CONCORD, NH — A bill that would have legalized marijuana in New Hampshire was defeated in the House without any debate on the proposed measure.
The Democrat controlled house voted 239-112 to kill House Bill 337, An Act Legalizing Marijuana and Cannabis, following a narrow recommendation from the Criminal Justice and Public Safety Committee, who voted 12-8, not to pass the measure this session.
HB 337 would have entirely removed marijuana from the New Hampshire criminal code as of January 1, 2014.
If passed, the bill would have ended marijuana prohibition in New Hampshire, but would not have established a system of regulated cultivation, sales, or taxation in the state.
It would have also repealed prohibitions on paraphernalia related to marijuana use or cultivation. Similar bills have been introduced in New Hampshire in the past, but none has received significant support from legislators.
The House vote to kill the bill did not fall along any specific party lines, with 135 Democrats and 104 Republicans voting to kill the bill, and 61 Democrats and 51 Republicans voting in favor.
The Criminal Justice and Public Safety Committee, who heard testimony on the bill in February, was divided on the measure, narrowly recommending the full House vote against it on a 12-8 vote.
A second marijuana legalization bill, HB 492, which would allow individuals to cultivate up to six plants for personal use and setting up a framework for taxing and regulating the production and sale of marijuana, including licensed and regulated marijuana retail stores, has also been introduced to the legislature, but remains in the Criminal Justice and Public Safety Committee with no vote scheduled.
A similar bill, HB 1705, fell one vote short of being approved by the same committee in 2012.
Two other marijuana bills, one which would decriminalize possession of less than an ounce of marijuana, and another that would make New Hampshire the last New England state to legalize medical marijuana, will be considered by the House later this month.
HB 621, which would decriminalize possession of less than one ounce of marijuana. , is expected to be voted on by the full house later this month.
The bill would reduce the penalty for possessing less than one ounce of marijuana to a violation punishable by a fine of up to $100. Minors under 18 would also be subject to parental notification and a court-ordered drug awareness program. Currently, possession of any amount of marijuana in New Hampshire is a misdemeanor punishable by up to a year in jail and a $1,000 fine.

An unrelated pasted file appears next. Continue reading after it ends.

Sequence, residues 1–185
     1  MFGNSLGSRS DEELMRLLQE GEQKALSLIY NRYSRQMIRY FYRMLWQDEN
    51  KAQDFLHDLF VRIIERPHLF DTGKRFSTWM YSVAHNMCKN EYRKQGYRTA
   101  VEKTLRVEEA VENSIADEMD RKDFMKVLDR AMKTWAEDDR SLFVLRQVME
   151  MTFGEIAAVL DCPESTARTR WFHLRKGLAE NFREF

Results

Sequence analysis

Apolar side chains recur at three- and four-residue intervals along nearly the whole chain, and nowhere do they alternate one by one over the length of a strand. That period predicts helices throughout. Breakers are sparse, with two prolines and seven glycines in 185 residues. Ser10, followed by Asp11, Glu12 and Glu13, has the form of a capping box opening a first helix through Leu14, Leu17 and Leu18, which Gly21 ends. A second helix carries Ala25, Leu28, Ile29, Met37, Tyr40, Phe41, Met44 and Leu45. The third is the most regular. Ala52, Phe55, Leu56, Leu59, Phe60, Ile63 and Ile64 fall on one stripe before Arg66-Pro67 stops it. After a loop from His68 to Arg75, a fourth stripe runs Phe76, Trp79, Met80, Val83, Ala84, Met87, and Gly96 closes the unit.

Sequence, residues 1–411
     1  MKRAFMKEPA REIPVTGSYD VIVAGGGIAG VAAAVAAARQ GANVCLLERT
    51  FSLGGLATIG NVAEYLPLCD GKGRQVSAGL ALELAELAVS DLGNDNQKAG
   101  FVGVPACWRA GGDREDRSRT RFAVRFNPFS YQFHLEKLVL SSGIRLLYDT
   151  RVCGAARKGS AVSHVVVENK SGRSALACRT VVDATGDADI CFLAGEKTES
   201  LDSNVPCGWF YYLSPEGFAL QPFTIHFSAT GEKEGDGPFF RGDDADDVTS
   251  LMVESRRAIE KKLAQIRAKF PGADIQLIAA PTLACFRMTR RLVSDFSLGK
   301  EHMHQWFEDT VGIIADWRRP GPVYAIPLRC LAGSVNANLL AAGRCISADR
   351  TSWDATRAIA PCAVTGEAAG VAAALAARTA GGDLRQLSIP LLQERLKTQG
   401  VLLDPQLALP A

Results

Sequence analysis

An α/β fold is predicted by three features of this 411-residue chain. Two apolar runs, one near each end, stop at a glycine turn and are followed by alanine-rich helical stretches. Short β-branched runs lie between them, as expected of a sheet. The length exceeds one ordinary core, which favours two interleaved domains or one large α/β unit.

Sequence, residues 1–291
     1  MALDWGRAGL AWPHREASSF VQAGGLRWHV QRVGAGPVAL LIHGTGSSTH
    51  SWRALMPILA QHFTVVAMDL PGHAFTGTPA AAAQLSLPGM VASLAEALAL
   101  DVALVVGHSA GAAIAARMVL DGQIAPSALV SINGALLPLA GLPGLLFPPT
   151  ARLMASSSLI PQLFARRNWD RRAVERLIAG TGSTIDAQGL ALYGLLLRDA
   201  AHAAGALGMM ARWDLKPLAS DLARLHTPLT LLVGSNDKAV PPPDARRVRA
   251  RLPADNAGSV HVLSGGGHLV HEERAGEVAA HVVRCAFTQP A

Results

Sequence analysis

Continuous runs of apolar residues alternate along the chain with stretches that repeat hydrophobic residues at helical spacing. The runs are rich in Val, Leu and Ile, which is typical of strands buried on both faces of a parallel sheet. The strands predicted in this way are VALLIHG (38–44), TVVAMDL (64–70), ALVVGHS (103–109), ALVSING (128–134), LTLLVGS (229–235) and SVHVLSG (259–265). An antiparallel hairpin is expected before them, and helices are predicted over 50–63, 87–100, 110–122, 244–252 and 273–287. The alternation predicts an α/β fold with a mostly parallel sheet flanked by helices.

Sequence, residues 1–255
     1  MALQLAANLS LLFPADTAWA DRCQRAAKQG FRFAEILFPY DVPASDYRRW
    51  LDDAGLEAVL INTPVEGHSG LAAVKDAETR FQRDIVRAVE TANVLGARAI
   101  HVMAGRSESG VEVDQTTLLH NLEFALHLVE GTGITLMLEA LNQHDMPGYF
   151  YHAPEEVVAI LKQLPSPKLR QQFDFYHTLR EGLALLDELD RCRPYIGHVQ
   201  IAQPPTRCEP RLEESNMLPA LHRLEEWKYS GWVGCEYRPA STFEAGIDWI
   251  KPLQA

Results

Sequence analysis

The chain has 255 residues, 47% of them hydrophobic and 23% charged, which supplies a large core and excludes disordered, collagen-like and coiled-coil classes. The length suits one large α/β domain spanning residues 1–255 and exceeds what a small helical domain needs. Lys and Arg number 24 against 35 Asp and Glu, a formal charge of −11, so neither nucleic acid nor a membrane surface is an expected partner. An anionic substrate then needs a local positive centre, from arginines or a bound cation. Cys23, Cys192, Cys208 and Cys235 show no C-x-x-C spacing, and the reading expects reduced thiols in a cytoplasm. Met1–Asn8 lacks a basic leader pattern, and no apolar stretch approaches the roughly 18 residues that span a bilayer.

The Criminal Justice and Public Safety Committee voted, 12-6, to recommend the full House kill that bill.
A similar bill, HB 1526, passed the House in a 162-161 vote on in March 2012, but it was unanimously rejected by the Senate. Previously, in 2010, the New Hampshire House passed HB 1653 (213-137), but it was rejected by the Senate following a veto threat by Gov. John Lynch.
A medical marijuana bill, House Bill 573, has not yet been scheduled for a floor vote by the full House, but has been overwhelmingly endorsed by the Health, Human Services and Elderly Affairs Committee, who recommended the full House pass the measure on a 14-1 vote earlier this month.
The bill would allow seriously ill patients to use medical marijuana if their doctors recommend it. Patients would be able to grow up to three mature marijuana plants in their homes or obtain marijuana through one of five non-profit, state-licensed alternative treatment centers.
Gov. Maggie Hassan has expressed support for passing medical marijuana legislation. A similar medical marijuana bill that passed with bipartisan support last session was vetoed by then-governor John Lynch.
New Hampshire is the only New England state that does not allow the medical use of marijuana.